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Yu Darvish has the benefit of strong bullpen with Dodgers

As Yu Darvish waited to return to the mound for the seventh inning Wednesday night, he was approached by Clayton Kershaw.

“How do you feel?” Kershaw said.

“I’m a little concerned,” Darvish replied.

Davish’s back was tight, as was six days earlier when he made his last start.

“We need you in six weeks,” Kershaw reminded him.

The short exchange, which Darvish later recalled in Japanese, was enough to convince the prized trade-deadline acquisition to prematurely depart from his first home start in a Dodgers uniform.

His performance was on the underwhelming side, as he served up three home runs that accounted for the three runs charged to him over six innings. Except it was enough. If Darvish didn’t already know, he knows now: The Dodgers aren’t asking nearly as much from him as the Texas Rangers did.

The Dodgers won again, this time with a two-run double in the ninth inning by Yasiel Puig that completed a comeback against the Chicago White Sox, whom they beat 5-4. The walk-off victory was the latest reminder of how much Darvish’s circumstances have changed in the two weeks since he was traded by the Rangers.

A fourth-place team with a slumping offense and mediocre group of relievers, the Rangers couldn’t win without Darvish shouldering the workload of a traditional frontline starter. Here, there is no such necessity. His start before this lasted only five innings. But Darvish now has the luxury of handing the baseball over to the National League’s top bullpen and waiting for the Dodgers’ explosive lineup to produce late-inning miracles.

When Darvish departed the game after making a handful of soft warmup tosses in the top of the seventh inning, the Dodgers trailed 3-2. Entering the bottom of the ninth, they were down 4-2.

“The fact that we didn’t just tie the game and go into extra innings, how we were able to win there, that’s really something,” Darvish said.

Kershaw is the only pitcher on the team expected to pitch into the seventh or eighth innings of his starts, and that’s largely because it’s what Kershaw expects of himself. The rotation includes several other decorated starters, from Alex Wood to Rich Hill to Hyun-Jin Ryu. If any of them pitches six innings, that’s enough. Anything more is considered a bonus.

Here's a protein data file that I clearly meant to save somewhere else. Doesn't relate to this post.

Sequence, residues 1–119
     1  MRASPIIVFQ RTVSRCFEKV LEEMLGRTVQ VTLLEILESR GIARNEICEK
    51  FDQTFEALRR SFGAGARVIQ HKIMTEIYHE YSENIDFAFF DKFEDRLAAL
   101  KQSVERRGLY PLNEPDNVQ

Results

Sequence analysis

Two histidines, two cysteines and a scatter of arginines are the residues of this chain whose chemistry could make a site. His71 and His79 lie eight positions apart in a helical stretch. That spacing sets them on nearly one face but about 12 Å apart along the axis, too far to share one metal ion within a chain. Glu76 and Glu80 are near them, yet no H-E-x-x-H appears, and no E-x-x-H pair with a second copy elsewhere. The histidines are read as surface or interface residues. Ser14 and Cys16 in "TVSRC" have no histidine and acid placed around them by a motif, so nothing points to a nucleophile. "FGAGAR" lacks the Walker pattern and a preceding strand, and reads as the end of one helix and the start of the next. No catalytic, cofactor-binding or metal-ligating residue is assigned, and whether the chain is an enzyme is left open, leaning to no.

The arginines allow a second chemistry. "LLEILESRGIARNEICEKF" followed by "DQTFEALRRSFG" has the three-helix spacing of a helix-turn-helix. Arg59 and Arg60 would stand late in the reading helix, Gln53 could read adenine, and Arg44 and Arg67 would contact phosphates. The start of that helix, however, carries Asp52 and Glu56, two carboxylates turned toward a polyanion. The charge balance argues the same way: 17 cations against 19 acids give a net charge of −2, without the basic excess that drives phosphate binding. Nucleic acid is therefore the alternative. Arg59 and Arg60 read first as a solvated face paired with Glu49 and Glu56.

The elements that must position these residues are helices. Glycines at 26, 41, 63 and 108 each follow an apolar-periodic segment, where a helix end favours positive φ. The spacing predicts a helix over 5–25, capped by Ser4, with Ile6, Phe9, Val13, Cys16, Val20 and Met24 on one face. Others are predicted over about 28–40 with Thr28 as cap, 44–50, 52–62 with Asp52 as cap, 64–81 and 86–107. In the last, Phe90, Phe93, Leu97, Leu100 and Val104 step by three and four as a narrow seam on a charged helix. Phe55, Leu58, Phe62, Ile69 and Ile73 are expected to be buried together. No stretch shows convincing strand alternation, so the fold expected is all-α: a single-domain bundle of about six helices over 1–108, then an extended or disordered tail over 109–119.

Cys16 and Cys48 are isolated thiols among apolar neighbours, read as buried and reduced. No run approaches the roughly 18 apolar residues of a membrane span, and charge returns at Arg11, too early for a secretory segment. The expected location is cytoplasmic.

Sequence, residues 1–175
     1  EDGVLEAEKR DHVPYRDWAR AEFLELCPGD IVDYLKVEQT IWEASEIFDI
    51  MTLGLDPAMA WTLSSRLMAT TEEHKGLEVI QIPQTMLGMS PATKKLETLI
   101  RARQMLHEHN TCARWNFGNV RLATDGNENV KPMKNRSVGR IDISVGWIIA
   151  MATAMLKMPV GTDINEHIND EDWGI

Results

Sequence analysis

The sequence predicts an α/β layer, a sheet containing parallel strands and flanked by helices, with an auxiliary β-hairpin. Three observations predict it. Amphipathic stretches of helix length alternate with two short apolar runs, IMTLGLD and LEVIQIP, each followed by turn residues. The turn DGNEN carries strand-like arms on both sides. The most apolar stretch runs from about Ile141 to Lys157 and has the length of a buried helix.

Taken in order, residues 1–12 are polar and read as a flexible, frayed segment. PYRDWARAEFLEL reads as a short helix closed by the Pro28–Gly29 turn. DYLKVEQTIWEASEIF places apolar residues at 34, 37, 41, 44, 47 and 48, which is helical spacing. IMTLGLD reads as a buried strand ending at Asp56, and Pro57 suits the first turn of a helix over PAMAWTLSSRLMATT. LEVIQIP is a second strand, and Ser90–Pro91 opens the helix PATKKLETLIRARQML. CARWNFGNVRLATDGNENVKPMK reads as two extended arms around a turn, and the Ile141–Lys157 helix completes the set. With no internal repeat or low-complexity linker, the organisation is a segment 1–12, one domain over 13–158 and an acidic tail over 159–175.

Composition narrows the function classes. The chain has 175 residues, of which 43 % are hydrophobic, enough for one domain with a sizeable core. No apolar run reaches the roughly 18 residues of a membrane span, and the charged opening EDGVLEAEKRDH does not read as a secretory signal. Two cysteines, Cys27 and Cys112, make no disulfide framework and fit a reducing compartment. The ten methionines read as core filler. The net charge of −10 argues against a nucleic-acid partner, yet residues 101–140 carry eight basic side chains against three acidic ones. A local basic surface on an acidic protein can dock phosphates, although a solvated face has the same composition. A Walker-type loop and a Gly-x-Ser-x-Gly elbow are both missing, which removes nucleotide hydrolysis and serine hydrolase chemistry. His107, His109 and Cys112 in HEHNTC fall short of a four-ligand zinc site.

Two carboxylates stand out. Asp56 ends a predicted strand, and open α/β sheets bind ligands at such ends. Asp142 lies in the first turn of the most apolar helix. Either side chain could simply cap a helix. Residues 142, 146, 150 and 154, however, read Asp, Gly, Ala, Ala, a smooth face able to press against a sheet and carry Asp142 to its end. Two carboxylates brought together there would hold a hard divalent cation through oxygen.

This was always the plan. As far back as spring training, manager Dave Roberts was saying he didn’t expect any pitcher other than Kershaw to reach the 200-inning mark.

They don’t have to be great. They only have to be good. This now applies to Darvish too.

If you’re of a certain age, this isn’t the kind of baseball you grew up watching. It’s definitely not the kind of baseball your father grew up watching.

Complaints of how the game has changed miss the point. This is effective. And for a franchise that hasn’t won a championship in nearly three decades, isn’t that what counts?

There’s a certain peace of mind that comes with playing on a team with the talent and depth of the Dodgers, and if it has allowed other players to flourish, it figures to have the same kind of effect on Darvish.

By his own admission, Darvish was physically limited Wednesday night, which explained why he struck out only two batters after striking out 10 in each of his two starts previous with his new team.

“My body was stiff and I couldn’t move very well,” he said.

This wasn’t the home debut Darvish envisioned. But on this team, it was enough.

Darvish had pitched in Dodger Stadium only twice. That was in the 2009 World Baseball Classic, where he was Japan’s closer. Darvish pitched the final inning of a victory over the United States in the semifinals. He pitched two innings and was the winning pitcher of the final, a 10-inning victory over South Korea.

Darvish struck out Keun-Woo Jeong for the final out of the championship game, a moment that continues to be cherished in his homeland to this day.

The pitcher didn’t relive any of that glory Wednesday night.

He didn’t have to.

dylan.hernandez@latimes.com

Follow Dylan Hernandez on Twitter @dylanohernandez

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